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Feeling insecure? Try prayer

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(Photo: CBCPMedia)

QUEZON City, Feb. 14, 2013—Instead of motivational talks or even a wardrobe overhaul, contemplative prayer is the sure-fire cure to insecurity, says a Carmelite nun.

“Young people today are very insecure. If you do silent prayer, you will become [secure] little by little… You find very deep peace,” Sr. Mary Niere, OCD said in a talk to Couples for Christ leaders last February 10.

She talked about her own personal experiences of struggles with anxiety and the need for appreciation, which surfaced even more after entering the Carmelite convent in Zamboanga City at 18.

“I was bi-polar… I wanted to commit suicide, but I would go to contemplative prayer. That was the only thing that saved me,” Sr. Mary explained.

She explained how the more insecure a person is, the more “God can fill [the person] up.”

Drug abuse 

The prevailing drug problem among young people is a testament to the mounting insecurities of an entire generation, Sr. Mary explained.

“That is why they are taking drugs. When they go back to reality, they are lost,” she said.

Far from being complicated, conjuring up images of levitating nuns and monks, Christian contemplation can be done by anyone.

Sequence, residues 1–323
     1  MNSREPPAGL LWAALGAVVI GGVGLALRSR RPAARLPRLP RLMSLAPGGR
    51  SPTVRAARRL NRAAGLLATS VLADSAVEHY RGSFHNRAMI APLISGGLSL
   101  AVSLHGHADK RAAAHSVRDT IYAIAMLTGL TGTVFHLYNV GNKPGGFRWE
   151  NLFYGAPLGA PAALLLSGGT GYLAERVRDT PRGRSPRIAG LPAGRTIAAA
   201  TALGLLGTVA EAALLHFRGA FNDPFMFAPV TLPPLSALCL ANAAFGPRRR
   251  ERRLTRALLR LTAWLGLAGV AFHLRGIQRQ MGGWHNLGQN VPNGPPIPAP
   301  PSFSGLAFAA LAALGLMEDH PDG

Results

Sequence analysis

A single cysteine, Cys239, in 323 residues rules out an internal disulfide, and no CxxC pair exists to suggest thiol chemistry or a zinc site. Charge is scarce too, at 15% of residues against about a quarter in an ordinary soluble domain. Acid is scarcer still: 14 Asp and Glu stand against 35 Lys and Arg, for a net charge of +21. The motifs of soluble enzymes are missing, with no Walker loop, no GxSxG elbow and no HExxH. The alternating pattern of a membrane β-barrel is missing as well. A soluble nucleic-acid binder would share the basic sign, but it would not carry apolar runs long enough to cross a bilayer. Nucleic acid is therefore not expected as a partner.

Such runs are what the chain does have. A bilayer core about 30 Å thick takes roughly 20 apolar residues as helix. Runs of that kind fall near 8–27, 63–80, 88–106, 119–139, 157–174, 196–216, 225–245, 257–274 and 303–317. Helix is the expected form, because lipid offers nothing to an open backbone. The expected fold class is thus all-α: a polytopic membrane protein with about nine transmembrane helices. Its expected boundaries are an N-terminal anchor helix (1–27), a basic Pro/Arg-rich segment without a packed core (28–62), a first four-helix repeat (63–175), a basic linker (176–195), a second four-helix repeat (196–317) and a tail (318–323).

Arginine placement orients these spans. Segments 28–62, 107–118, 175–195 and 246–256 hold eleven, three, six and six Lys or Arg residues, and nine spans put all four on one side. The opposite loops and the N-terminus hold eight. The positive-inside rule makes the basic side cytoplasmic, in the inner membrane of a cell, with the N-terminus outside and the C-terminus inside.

According to Sr. Mary, anyone with the time and the willingness to keep still can do contemplative prayer.

Easy steps to contemplation 

Sr. Mary described a few steps for beginner contemplatives.

A person starts by sitting upright with the back straight.

With closed eyes, the person listens to sounds around him, without analyzing them.

He then focuses on his breathing.

As he breathes in and out, he repeats the word “Jesus” in his mind.

When he notices being distracted by thoughts about work or what he needs to do after praying, he just needs to go back to the word “Jesus”.

A beginner can do this initially for 5 minutes everyday, then 10 minutes, 30 minutes and so on, after a certain regularity of the prayer time is established.

It is at this time of quiet prayer that God addresses and “processes” a person’s deep-seated issues that even he may not be aware of, Sr. Mary said. [Nirva’ana Ella Delacruz]


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